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Kraken Reports Nearly $3 Million Bug-Related Exploit

2 mins
Updated by Daria Krasnova
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In Brief

  • Kraken suffered a bug attack a bug that saw it lose almost $3 million less than two weeks ago.
  • Anyone could initiate a deposit to the platform and receive the funds without completing it.
  • Kraken treats the incident as a criminal case, commits to coordinate with law enforcement.
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Cryptocurrency trading platform Kraken has reported an exploit less than a fortnight ago that saw it lose almost $3 million in a bug-related attack.

The incident highlights the insecurities and vulnerabilities that continue to infest the industry.

Kraken Lost $3 Million in a Bug Attack

Kraken revealed a bug attack on June 9, which saw the bad actor make away with nearly $3 million. Based on the report shared by Kraken Chief Security Officer Nick Percoco, the exchange received a bug bounty program alert.

“On June 9 2024, we received a Bug Bounty program alert from a security researcher. No specifics were initially disclosed, but their email claimed to find an “extremely critical” bug that allowed them to artificially inflate their balance on our platform,” noted Percoco in a post on Wednesday.

The CSO noted that a further probe revealed an isolated bug that gave the bad actor unmerited privileges. Specifically, they could initiate a deposit on Kraken Exchange and receive funds in their account even though they had not fully completed the deposit.

Read more: Kraken Review 2024: Security and Features

A forensic analysis revealed a vulnerability in a recent UX change on Kraken’s platform. This flaw allowed a malicious attacker to “print assets” in their account for a period of time. Importantly, no client assets were compromised, and the issue has been fixed. However, a subsequent probe discovered that three accounts had already exploited the bug within a few days of each other.

“After patching the risk, we thoroughly investigated the situation and quickly discovered that 3 accounts had leveraged this flaw within a few days of each other. As we dug deeper, we noticed that one account was KYC’d to an individual who claimed to be a security researcher,” Percoco said.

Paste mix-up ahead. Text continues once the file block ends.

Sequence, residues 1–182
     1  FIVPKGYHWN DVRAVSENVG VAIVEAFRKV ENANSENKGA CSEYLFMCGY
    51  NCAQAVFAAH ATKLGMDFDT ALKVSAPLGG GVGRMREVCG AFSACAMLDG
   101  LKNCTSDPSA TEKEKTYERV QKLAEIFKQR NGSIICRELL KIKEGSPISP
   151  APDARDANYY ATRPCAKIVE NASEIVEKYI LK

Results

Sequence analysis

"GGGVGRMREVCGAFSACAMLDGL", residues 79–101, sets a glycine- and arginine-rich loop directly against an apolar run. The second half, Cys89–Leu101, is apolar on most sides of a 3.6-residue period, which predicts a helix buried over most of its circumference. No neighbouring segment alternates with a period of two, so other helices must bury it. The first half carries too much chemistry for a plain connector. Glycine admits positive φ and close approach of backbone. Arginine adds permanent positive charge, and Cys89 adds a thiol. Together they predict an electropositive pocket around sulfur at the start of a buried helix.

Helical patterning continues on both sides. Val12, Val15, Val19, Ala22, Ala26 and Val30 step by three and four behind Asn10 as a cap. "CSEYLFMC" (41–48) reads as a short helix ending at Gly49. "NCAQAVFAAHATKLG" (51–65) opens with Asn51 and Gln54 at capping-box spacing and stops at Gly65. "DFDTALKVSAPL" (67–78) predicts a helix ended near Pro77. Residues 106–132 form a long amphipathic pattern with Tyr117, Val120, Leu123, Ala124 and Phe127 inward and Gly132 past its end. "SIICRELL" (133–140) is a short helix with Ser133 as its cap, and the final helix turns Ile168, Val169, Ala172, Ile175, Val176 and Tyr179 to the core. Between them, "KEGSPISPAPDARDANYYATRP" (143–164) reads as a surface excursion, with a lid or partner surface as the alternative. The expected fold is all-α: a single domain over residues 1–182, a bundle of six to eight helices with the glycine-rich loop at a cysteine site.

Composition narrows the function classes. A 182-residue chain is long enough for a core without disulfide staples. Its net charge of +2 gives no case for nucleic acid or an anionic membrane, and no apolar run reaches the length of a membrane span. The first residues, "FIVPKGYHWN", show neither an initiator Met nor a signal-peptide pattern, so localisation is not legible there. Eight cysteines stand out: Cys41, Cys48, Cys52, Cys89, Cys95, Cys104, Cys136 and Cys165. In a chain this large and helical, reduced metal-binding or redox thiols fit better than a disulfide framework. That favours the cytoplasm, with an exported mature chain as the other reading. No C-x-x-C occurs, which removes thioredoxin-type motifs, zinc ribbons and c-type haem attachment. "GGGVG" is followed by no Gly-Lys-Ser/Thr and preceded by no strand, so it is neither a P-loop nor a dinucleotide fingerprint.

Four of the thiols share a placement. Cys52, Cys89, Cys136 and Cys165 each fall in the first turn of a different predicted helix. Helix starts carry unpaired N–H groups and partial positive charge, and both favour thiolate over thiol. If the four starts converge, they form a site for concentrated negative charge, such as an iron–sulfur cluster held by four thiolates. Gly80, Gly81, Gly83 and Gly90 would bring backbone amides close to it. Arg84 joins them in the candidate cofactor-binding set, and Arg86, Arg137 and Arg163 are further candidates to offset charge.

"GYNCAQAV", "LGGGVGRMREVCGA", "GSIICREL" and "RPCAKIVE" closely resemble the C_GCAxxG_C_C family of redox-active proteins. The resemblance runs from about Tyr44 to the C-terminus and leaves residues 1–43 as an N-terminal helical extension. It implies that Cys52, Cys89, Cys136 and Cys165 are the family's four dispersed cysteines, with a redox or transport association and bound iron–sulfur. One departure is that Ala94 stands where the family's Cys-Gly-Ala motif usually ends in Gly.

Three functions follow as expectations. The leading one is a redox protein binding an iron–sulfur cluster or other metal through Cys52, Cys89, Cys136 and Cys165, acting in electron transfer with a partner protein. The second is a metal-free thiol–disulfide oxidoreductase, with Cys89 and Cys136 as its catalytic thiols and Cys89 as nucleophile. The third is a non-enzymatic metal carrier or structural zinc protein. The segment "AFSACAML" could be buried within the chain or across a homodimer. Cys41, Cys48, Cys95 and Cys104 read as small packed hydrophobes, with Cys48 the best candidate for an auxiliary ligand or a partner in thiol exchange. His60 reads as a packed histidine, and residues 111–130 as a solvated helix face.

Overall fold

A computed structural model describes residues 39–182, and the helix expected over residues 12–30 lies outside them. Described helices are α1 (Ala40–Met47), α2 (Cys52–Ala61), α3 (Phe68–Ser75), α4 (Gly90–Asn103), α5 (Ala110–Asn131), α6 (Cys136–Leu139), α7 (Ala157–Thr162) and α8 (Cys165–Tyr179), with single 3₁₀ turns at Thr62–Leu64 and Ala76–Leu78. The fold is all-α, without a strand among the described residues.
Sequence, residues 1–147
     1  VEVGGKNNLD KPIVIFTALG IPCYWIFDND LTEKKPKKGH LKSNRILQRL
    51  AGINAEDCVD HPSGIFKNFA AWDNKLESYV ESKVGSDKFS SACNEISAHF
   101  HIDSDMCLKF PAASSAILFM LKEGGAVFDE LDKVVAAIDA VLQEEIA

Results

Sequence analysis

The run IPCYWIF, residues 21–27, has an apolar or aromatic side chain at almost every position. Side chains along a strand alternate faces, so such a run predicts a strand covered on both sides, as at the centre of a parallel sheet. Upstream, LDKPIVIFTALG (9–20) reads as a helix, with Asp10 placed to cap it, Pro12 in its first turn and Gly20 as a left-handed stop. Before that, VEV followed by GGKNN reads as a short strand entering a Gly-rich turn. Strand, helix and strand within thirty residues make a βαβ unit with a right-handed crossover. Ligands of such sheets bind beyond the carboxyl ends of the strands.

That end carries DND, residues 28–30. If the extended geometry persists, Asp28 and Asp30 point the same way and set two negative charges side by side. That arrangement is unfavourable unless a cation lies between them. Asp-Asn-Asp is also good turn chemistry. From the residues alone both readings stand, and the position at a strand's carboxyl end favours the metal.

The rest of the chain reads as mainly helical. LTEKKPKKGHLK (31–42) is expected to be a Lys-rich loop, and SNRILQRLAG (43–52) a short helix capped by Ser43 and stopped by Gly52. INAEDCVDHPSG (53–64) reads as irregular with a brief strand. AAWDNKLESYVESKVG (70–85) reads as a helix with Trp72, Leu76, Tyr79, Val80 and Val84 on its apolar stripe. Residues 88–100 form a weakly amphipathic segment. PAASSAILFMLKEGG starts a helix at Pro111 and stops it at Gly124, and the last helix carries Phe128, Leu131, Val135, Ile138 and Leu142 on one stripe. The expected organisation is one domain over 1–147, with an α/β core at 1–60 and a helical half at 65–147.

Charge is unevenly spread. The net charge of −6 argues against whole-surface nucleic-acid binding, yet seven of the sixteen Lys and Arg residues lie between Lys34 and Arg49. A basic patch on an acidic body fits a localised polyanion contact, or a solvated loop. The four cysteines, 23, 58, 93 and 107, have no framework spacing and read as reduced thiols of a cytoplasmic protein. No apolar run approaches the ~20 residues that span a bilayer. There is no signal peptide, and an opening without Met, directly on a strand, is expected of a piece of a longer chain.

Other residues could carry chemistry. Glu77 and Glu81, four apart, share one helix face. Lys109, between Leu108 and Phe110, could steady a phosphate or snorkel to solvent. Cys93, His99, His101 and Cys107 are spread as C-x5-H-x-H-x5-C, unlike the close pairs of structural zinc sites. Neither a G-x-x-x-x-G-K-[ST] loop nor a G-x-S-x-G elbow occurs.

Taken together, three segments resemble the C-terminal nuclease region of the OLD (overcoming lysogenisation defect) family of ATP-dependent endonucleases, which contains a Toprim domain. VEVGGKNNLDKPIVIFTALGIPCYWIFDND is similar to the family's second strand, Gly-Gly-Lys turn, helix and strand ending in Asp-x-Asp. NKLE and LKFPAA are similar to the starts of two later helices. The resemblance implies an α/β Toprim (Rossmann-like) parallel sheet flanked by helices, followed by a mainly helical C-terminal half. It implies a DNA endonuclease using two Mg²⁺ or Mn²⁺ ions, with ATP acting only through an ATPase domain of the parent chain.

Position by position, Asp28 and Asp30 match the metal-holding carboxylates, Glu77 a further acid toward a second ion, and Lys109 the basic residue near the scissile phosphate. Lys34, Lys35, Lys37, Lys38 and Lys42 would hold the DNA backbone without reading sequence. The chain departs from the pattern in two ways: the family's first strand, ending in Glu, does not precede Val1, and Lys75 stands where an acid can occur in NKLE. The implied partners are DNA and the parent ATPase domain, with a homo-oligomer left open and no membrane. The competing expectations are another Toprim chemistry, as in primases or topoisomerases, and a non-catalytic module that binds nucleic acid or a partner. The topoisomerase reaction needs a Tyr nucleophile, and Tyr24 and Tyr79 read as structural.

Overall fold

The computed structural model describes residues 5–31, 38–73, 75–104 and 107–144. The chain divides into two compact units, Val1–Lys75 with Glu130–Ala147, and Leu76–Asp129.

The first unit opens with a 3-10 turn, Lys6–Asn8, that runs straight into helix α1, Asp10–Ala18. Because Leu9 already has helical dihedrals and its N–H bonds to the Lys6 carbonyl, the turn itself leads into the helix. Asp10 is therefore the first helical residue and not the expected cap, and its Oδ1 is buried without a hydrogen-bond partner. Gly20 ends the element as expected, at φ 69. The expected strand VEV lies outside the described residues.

A security researcher discovered a bug in Kraken’s funding system and credited their account with $4 in cryptocurrency. This amount was enough to demonstrate the flaw and file a bug bounty report, which would have earned a significant reward under Kraken’s program.

Instead, the researcher shared the bug with two colleagues, who exploited it to generate much larger sums fraudulently. This collusion led to a loss of nearly $3 million, taken from Kraken’s treasuries rather than client assets.

Read more: Top 5 Flaws in Crypto Security and How To Avoid Them

The incident culminated in a case of extortion after the crypto trading platform tried to recover the funds from the researchers. Kraken requested a full account of the researchers’ activities, including the proof of concept used to create the on-chain activity and arrangements to return the withdrawn funds. 

“These security researchers refused. Instead, they demanded a call with their business development team and have not agreed to return any funds until we provide a speculated $ amount that this bug could have caused if they had not disclosed it. This is not white-hat hacking, it is extortion!” Percoco resented.

Kraken has therefore resorted to treating the incident as a criminal case, committing to coordinating with law enforcement. The research company remains undisclosed.

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Lockridge Okoth
Lockridge Okoth is a journalist at BeInCrypto, focusing on prominent industry companies such as Coinbase, Binance, and Tether. He covers a wide range of topics, including regulatory developments in decentralized finance (DeFi), decentralized physical infrastructure networks (DePIN), real-world assets (RWA), GameFi, and cryptocurrencies. Previously, Lockridge conducted market analysis and technical assessments of digital assets, including Bitcoin and altcoins such as Arbitrum, Polkadot, and...